The recent passing of my good friend, the Reverend David Burhans, has inspired me to compile a list of his deepest insights about how to live a rich, spiritual life. People who knew David agree that he was among the most beloved individuals they've ever known. Even the briefest encounter with David left many people feeling valued and loved and certainly moved at the deepest level of their being.
From my experiences with him and from his own writings, here are 12 spiritual principles that David lived by and cultivated in us all:
1. Look at the world with a sense of wonder and awe.
The American poet Mary Oliver encouraged us all "to look, to listen." Rabbi Abraham Heschel used the term radical amazement to describe the practice of remaining present and aware of the small miracles that abound in every moment. David encouraged us to cultivate a sense of awe and wonder.
2. We must answer three important spiritual questions.
David believed we are called to ponder three great spiritual questions: Who am I? Why am I here? What difference can I make? Answering these questions instills in us a sense of meaning and purpose.
3. Find a welcoming place to discuss life's meaning and purpose.
David believed it was important for us to find a spiritual community that fosters an atmosphere of openness, acceptance, and a free exchange of ideas. Such a place should encourage people to discuss personal issues, share grief experiences, celebrate joys and achievements, and strengthen one's own spiritual perspective.
4. A loving higher power guides us on the journey toward becoming our best selves.
David believed that the God of our understanding was a "Living God" of love, compassion, and healing. David embraced secularists and atheists as warmly as he welcomed believers. Everyone's higher power, whether God or Nature, "requires of you to do justice, to love kindness and to walk humbly."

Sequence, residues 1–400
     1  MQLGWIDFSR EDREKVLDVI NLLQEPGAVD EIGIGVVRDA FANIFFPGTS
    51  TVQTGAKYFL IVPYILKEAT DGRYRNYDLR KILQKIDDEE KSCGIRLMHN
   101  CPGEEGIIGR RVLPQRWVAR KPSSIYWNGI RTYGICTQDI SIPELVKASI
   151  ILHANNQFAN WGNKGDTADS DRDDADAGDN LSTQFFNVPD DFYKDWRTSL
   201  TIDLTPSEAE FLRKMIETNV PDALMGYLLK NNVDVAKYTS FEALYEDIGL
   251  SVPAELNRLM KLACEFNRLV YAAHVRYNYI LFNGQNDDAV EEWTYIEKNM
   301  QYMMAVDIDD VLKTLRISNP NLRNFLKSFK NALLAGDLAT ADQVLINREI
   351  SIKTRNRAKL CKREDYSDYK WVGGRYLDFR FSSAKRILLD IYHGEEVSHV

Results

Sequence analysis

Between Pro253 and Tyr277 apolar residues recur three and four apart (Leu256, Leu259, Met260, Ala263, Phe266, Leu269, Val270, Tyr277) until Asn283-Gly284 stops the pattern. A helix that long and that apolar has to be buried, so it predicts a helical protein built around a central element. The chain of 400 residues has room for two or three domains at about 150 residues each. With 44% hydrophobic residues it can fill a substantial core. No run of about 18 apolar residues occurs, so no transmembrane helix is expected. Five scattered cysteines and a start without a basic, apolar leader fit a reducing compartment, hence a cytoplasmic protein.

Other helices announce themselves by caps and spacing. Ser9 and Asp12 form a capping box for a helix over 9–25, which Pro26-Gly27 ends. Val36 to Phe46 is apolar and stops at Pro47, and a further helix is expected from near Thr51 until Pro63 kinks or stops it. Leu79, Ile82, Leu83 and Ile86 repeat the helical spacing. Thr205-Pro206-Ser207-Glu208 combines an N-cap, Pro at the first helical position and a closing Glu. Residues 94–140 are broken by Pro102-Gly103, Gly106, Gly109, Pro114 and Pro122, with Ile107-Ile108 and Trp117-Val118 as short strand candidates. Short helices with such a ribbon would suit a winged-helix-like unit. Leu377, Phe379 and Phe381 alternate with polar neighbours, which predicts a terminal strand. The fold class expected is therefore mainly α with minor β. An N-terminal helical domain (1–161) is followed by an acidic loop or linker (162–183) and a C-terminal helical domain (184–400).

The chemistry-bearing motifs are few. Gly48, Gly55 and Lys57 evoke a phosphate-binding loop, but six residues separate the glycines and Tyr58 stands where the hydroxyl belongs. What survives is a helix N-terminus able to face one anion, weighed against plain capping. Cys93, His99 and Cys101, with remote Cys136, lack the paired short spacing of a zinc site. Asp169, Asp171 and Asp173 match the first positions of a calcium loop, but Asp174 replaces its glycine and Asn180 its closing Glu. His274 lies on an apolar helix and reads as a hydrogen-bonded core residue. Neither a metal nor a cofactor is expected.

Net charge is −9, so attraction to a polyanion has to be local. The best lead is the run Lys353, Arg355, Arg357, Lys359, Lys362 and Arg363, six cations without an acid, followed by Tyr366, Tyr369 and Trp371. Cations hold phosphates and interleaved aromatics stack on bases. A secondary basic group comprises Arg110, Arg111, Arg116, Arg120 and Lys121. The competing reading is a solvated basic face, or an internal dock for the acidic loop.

5. We engage in practices that improve our conscious contact with our higher power.
David often shared personal experiences—"moments of profound gratitude, insight, guidance, wonder upon wonder"—that cemented his relationship with his higher power. These practices help us during times of loss and suffering. David's spiritual practices were prayer, wonder, gratitude, loving-kindness, unshakeable faith, and enduring optimism that all is well no matter what adversity we face.
6. We remember that gratitude, compassion, and humility are the greatest of virtues.
"A profound spiritual truth I strongly embraced," wrote David, is that "life is a gift: handle this journey with gratitude, compassion, and humility." David quoted the ancient Roman philosopher Cicero: "Gratitude is not only the greatest of all virtues but the parent of all others." He believed in "listening with awareness and creating a culture of caring." Humility calls us to examine our actions and never be too certain of our own virtue.
7. We treat all people with congruence, empathy, and respect.
David admired the humanistic perspective of Carl Rogers, who believed that human relationships are forged with congruence, empathy, and respect. Congruence is being genuine and honest with others; empathy is the ability to feel what others feel; and respect is the unconditional positive regard for all people.